November 12, 2019
The sourcing process is designed for forward-looking companies. They understand that optimized purchasing—whether for direct goods going into the final output, or indirect goods that keep the company operating—increases the value of their end products and services. Incorporating a strategic sourcing philosophy at the beginning of the procurement lifecycle helps companies prudently spend their money, find and maintain relationships with high-quality, low-risk suppliers, and create a strong starting point for the rest of the Source-to-Settle (S2S) process. It establishes a process that is compliant, economical, and most importantly, drives long-term organizational value.
Not all organizations have an official sourcing process, team, or tool, and many do not leverage methods such as RFx events, supplier scoring, or reverse auctions. Sometimes this is a result of low procurement spend or a failure to see a use case. In other instances, it is a lack of education on the value of sourcing automation for improving a company’s supply chain management. Levvel Research has observed that the use cases for sourcing technology are growing, in part due to the combined effects of globalization and technology on market mobility; smaller organizations are more able to participate in international supply chains than they were a few decades ago. Beyond the strategic value, research shows that migrating from manual to automated sourcing one can improve visibility, boost supplier performance, decrease spend, increase savings opportunities, and strengthen reporting and analytics.
Levvel Research has observed the following trends regarding automated sourcing in 2019:
The sourcing automation adoption rate is increasing. Sourcing automation has seen a much higher increase in adoption rates than other steps in the S2S cycle—jumping by over 50 percent since 2017. Levvel Research attributes this in part to improved software provider messaging of what automating sourcing can do for an organization. For example, many providers are framing themselves not as software tools, but as “strategic partners.” This partnership approach makes users feel as if both sides are invested in ensuring implementation, rollout, and usage are executed as smoothly as possible. Since sourcing is typically the first phase of the S2S process, organizations may also see it as an entry point to automating their back office. Additionally, an increasing number of providers are offering tools for the entire S2S process, either by building their own tools, acquisitions, or via partnerships with other providers; therefore, buying organizations are increasingly exposed to a suite or platform technology approach (versus a standalone tool).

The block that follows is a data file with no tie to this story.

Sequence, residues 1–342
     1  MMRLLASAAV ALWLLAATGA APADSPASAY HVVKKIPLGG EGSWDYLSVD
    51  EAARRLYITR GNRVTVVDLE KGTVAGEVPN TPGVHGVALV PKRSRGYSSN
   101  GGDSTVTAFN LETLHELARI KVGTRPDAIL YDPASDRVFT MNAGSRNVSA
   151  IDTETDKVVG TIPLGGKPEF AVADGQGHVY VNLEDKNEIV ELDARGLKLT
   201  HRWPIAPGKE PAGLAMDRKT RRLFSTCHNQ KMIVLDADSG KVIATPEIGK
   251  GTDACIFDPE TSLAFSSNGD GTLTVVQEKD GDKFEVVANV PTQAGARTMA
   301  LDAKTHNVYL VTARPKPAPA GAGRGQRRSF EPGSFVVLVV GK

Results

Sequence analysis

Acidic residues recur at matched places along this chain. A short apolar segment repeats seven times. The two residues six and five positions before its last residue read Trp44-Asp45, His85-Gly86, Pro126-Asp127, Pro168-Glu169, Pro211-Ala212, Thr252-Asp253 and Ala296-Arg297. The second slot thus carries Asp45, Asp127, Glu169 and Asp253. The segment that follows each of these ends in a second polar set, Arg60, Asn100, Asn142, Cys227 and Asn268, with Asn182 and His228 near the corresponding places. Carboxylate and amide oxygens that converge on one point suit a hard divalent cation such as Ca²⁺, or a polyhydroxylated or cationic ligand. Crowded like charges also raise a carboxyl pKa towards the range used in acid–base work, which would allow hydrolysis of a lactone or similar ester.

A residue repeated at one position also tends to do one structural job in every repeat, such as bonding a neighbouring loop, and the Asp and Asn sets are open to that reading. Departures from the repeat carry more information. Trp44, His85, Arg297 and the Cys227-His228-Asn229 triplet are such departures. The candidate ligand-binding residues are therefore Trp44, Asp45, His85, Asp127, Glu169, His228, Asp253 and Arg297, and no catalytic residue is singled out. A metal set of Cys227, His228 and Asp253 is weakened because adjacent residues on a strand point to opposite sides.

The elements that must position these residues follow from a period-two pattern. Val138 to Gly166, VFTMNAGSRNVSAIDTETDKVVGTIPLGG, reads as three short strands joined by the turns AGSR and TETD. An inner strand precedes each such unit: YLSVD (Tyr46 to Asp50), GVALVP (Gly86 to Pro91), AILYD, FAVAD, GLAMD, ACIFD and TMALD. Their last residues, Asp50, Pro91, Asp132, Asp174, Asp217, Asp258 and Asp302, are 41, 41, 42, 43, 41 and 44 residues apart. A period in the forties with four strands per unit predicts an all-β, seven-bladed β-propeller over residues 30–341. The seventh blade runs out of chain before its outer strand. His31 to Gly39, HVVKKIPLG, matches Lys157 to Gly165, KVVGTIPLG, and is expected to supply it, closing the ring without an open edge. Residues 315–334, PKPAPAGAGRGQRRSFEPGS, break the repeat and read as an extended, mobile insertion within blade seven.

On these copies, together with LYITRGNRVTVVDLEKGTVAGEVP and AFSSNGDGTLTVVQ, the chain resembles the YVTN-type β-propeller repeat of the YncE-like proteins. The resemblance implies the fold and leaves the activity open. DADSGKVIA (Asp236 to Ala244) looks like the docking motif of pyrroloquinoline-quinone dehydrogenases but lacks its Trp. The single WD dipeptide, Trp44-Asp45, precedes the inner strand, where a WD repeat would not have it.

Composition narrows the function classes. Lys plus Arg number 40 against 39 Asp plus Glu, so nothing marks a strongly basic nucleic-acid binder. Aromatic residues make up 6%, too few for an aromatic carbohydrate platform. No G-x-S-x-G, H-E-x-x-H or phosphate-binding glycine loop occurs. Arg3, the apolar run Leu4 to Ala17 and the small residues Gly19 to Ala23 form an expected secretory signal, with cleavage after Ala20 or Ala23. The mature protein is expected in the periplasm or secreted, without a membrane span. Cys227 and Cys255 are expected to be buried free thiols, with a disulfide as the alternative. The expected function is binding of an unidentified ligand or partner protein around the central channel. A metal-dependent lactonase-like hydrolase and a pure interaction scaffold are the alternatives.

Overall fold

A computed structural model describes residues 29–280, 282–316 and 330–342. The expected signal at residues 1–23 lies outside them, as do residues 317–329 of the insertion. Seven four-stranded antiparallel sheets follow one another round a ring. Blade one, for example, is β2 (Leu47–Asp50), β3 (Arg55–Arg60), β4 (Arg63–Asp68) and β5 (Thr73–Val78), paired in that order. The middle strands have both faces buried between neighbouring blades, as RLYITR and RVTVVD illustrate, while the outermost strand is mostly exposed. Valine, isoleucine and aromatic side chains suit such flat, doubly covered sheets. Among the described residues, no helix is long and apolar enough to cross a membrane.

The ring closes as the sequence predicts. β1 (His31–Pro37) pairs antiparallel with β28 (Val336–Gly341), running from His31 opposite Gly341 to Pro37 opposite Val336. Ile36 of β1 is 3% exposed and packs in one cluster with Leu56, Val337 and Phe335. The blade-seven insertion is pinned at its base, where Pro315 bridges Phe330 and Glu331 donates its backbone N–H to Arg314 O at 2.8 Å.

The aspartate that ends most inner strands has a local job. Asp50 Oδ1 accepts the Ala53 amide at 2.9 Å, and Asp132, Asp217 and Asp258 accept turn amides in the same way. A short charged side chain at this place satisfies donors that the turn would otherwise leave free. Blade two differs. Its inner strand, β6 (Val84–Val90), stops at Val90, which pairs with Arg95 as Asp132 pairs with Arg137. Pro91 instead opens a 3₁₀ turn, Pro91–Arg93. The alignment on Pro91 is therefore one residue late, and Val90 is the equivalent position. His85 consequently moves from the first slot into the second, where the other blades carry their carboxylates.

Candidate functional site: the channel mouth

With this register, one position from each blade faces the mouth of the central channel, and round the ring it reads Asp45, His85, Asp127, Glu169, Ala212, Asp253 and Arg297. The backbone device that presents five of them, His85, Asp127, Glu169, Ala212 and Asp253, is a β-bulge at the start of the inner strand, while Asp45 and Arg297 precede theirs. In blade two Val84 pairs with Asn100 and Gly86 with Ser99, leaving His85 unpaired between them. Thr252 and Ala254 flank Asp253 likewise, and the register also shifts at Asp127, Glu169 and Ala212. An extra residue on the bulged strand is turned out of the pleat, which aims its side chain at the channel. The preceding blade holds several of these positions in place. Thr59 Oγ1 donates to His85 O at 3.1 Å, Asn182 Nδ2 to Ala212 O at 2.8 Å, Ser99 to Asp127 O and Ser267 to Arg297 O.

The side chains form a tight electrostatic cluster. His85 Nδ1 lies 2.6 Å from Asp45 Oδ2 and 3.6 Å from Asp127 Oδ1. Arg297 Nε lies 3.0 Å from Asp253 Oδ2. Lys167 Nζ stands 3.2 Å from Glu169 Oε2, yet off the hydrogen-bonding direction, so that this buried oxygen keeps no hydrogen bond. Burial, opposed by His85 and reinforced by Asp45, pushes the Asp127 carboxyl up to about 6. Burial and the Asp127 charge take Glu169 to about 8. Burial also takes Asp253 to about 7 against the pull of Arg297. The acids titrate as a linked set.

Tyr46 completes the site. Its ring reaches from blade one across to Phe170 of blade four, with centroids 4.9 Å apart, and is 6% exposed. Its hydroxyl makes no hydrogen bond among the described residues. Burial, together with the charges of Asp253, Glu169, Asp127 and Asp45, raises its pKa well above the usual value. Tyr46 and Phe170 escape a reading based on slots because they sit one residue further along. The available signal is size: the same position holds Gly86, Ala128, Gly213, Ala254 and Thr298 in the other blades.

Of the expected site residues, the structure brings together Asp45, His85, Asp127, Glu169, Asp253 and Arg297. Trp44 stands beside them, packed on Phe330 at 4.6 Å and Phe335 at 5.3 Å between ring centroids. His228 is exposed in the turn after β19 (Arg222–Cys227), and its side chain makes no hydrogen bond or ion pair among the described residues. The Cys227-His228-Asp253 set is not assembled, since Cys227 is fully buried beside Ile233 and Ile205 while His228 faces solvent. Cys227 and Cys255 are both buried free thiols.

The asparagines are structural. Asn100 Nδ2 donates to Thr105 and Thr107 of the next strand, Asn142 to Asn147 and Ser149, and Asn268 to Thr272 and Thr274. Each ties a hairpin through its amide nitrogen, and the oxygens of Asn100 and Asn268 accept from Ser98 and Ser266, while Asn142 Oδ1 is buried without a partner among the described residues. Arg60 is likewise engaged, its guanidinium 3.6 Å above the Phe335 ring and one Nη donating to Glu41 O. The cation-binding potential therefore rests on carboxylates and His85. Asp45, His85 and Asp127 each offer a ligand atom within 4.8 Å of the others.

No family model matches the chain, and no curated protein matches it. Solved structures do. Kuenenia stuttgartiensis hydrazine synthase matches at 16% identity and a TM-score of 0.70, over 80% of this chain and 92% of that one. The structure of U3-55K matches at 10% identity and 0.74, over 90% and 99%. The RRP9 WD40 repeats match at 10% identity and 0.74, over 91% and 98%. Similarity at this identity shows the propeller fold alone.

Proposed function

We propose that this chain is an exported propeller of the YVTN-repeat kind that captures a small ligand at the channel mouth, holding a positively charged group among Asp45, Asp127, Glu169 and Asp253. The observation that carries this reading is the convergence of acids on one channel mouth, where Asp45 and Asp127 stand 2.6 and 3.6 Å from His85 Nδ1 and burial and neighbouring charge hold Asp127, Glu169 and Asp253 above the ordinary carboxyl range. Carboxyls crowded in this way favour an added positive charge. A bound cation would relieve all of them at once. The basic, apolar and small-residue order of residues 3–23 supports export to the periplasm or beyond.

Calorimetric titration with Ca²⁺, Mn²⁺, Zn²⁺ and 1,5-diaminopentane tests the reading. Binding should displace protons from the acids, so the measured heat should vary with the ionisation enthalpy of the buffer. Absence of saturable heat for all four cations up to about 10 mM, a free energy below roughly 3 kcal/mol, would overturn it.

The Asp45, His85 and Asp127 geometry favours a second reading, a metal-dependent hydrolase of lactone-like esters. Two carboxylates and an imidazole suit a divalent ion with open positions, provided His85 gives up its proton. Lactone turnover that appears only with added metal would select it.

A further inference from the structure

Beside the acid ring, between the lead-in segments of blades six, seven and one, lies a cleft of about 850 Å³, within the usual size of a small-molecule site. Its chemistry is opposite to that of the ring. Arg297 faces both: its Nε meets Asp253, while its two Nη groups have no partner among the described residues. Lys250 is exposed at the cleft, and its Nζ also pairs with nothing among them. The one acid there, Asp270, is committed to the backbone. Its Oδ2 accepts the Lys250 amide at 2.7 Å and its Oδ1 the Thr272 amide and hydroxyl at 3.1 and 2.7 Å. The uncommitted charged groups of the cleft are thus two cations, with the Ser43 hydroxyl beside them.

Sourcing automation is being driven by the market as a whole. Levvel Research has observed that the push to automate sourcing has not been overwhelmingly popular in any one industry or organization size. The ratio of manual to automated organizations is more similar across industry and company size than in other parts of the back office. While the AP and procurement automation rate of enterprises can be twice that of mid-markets, this difference is smaller in sourcing.
Sourcing automation implementation choice differs by size and industry. In AP and procurement, the growth of cloud-based tools represents the primary component in the increase of automation, while ERP and homegrown tools have stagnated or decreased in popularity. In sourcing, though, a fair amount of organizations still choose to automate with tools that are cloud-based, such as ERP-based solutions. In both payables and procurement, only 7 percent of organizations use a homegrown tool for automation; in sourcing, the percentage is early double that. The type of tool companies use to automate also varies across industry. Some industries, such as IT, healthcare, and utilities, favor ERP-based tools, while others, such as engineering and manufacturing, have a higher rate of homegrown tools.